Utah Identifies 2 Allegedly Behind Immigrant List

Friday, 16 Jul 2010 01:58 PM

 

Share:
  Comment  |
   Contact Us  |
  Print  
|  A   A  
  Copy Shortlink

Utah officials have identified at least two state workers who apparently accessed confidential documents to create a list of 1,300 purported illegal immigrants.

Gov. Gary Herbert said Friday that the employees work for the Department of Workforce Services, which administers food stamp programs and other public benefits. The employees have been placed on administrative leave.

News media, law enforcement and other government officials started receiving the list of names and personal information this week, creating widespread fear in the Hispanic community. The anonymous mailing demands that those on the list be deported, although some named have said they are in the country legally.

The Utah attorney general's office also will investigate and decide whether to file charges.

The list contains Social Security numbers, birth dates, workplaces, addresses and phone numbers. Names of children are included, along with due dates of pregnant women.

The governor's office has said it will give information about the breach to the state attorney general's office by Monday so it can decide whether to file charges.

Intentionally releasing a private record in Utah is a misdemeanor punishable by up to six months in jail and a $1,000 fine. If someone stole such a record, it could be prosecuted as a felony with a penalty punishable by up to five years in prison and a $5,000 fine.

The investigation continued Friday, even though state employees usually have the day off as part of the state's four-day workweek to cut energy costs.

The investigation comes as Herbert, a Republican, prepares to host a public immigration summit Tuesday. Herbert has said he will sign an immigration bill into law next year if he's still in office, but it's unclear how closely that bill might mirror one lawmakers recently passed in Arizona.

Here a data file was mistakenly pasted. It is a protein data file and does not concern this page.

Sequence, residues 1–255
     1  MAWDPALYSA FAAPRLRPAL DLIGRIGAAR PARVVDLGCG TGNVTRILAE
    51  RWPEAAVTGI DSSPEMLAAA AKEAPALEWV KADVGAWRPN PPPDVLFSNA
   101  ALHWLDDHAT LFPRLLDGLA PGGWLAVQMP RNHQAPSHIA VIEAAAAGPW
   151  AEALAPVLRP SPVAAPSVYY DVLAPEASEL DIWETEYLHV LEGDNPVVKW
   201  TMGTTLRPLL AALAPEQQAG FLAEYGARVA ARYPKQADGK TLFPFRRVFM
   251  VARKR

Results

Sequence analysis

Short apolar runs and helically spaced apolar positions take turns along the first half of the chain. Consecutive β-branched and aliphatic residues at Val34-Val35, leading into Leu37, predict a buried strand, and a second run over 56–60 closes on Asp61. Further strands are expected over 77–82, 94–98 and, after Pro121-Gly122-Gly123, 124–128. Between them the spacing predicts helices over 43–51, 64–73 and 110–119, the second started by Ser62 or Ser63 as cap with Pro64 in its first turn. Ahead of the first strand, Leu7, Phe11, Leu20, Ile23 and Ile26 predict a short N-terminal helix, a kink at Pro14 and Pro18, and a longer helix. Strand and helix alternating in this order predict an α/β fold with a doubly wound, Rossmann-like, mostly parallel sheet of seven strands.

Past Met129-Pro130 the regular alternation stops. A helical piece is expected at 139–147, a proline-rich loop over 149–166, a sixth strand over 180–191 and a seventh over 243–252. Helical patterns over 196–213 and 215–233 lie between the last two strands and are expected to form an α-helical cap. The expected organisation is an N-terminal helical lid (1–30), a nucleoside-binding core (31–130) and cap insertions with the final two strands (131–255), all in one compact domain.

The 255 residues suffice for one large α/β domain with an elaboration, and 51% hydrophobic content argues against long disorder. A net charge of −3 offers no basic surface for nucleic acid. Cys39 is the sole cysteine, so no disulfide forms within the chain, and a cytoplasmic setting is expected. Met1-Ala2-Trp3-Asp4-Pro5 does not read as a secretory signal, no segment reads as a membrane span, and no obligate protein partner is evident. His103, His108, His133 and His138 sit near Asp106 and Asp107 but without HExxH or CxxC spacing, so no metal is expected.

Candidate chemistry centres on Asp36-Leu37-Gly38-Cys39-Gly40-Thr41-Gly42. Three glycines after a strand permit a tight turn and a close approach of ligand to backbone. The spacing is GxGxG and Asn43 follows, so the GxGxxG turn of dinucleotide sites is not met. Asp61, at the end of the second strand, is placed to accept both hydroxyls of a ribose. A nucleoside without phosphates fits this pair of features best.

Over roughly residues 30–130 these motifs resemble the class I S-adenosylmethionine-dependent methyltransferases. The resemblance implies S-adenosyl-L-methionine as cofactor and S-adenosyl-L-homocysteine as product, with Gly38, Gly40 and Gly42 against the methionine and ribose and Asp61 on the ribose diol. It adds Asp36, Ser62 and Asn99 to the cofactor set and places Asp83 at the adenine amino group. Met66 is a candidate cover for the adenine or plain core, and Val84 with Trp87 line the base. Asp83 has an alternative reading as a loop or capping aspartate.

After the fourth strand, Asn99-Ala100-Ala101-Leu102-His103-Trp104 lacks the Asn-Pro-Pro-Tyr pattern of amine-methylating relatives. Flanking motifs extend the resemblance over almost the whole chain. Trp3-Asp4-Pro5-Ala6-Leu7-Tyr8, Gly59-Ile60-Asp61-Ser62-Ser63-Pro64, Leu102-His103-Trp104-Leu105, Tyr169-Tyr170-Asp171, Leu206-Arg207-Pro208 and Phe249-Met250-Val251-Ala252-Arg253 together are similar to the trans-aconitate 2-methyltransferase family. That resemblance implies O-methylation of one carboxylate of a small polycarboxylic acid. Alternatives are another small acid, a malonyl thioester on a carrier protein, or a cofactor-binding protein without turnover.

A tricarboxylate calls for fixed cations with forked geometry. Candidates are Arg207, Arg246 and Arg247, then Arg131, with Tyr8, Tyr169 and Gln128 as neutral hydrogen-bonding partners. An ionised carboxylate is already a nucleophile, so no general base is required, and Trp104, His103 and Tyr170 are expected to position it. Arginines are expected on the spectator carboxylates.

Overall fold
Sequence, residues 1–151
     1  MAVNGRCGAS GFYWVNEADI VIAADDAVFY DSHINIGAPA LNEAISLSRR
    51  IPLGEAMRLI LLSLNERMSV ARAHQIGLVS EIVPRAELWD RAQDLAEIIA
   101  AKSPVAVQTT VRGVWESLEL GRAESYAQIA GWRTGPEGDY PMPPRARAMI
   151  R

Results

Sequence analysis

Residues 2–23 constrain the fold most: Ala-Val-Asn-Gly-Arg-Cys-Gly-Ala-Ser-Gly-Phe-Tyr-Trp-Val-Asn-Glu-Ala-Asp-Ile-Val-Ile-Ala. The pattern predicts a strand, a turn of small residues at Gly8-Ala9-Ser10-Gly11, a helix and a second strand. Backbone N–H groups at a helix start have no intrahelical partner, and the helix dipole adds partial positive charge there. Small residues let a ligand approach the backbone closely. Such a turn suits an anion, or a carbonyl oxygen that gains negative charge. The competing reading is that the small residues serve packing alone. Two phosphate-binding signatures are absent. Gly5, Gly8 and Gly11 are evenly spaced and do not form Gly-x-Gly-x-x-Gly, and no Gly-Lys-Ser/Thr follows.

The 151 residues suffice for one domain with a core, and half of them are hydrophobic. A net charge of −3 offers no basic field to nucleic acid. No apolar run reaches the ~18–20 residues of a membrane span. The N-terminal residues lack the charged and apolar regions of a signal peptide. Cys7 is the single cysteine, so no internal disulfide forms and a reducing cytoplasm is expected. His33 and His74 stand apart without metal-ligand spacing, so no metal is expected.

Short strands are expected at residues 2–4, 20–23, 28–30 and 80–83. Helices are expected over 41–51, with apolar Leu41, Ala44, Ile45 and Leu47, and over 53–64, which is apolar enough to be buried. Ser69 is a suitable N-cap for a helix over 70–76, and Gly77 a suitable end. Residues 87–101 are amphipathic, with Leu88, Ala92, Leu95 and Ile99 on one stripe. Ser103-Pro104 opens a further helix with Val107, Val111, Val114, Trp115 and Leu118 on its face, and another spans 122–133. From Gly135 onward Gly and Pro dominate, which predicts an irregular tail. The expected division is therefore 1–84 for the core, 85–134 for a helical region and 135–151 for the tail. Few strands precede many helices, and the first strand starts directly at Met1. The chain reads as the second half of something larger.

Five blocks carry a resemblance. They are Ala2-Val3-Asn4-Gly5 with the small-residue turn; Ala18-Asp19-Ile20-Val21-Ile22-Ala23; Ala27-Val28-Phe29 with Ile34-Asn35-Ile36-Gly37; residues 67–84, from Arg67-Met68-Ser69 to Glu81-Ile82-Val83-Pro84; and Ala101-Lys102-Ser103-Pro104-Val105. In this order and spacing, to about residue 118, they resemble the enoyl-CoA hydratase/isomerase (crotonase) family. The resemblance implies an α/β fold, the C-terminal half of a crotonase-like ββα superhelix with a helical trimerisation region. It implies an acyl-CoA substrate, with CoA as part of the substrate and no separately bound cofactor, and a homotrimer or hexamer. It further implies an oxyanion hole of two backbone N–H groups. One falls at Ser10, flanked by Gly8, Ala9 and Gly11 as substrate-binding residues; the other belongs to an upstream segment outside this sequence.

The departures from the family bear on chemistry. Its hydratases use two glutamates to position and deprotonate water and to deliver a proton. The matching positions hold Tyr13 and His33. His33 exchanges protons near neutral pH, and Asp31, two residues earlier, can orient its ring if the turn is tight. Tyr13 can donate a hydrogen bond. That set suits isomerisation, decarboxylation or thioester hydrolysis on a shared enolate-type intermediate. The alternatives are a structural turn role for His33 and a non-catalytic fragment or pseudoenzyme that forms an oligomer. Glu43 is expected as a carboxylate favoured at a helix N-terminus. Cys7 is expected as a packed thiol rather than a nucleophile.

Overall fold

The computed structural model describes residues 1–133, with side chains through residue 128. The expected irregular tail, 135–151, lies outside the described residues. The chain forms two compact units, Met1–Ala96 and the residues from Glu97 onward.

Arizona's law, which takes effect July 29, directs police enforcing other laws to determine a suspect's immigration status if there is reason to believe the person is in the U.S. illegally. The Obama administration has sued Arizona to throw out the law and keep other states from copying it.

© Copyright 2014 The Associated Press. All rights reserved. This material may not be published, broadcast, rewritten or redistributed.

Share:
  Comment  |
   Contact Us  |
  Print  
  Copy Shortlink
Around the Web
Join the Newsmax Community
>> Register to share your comments with the community.
>> Login if you are already a member.
blog comments powered by Disqus
 
Email:
Retype Email:
Country
Zip Code:
 
Hot Topics
Follow Newsmax
Like us
on Facebook
Follow us
on Twitter
Add us
on Google Plus
Around the Web
You May Also Like

Border Patrol Blimps Help Catch Illegal Immigrants in South Texas

Thursday, 24 Apr 2014 12:54 PM

More than 100,000 illegal immigrants, including narcotics smugglers and convicted criminals, have been caught by the U.S . . .

Millions of Fugitives Missed in Gun Background Checks

Thursday, 24 Apr 2014 11:48 AM

Millions of fugitives can buy guns illegally because of negligent police departments across the country, USA Today has r . . .

El Paso Lacking English-Speaking Foster Homes

Thursday, 24 Apr 2014 10:22 AM

A dearth of foster home providers who speak English is posing a problem in El Paso, Texas, where increasing numbers of c . . .

Most Commented

Newsmax, Moneynews, and Independent. American. are registered trademarks of Newsmax Media, Inc. Newsmax TV, NewsmaxWorld, NewsmaxHealth, are trademarks of Newsmax Media, Inc.

 
NEWSMAX.COM
America's News Page
©  Newsmax Media, Inc.
All Rights Reserved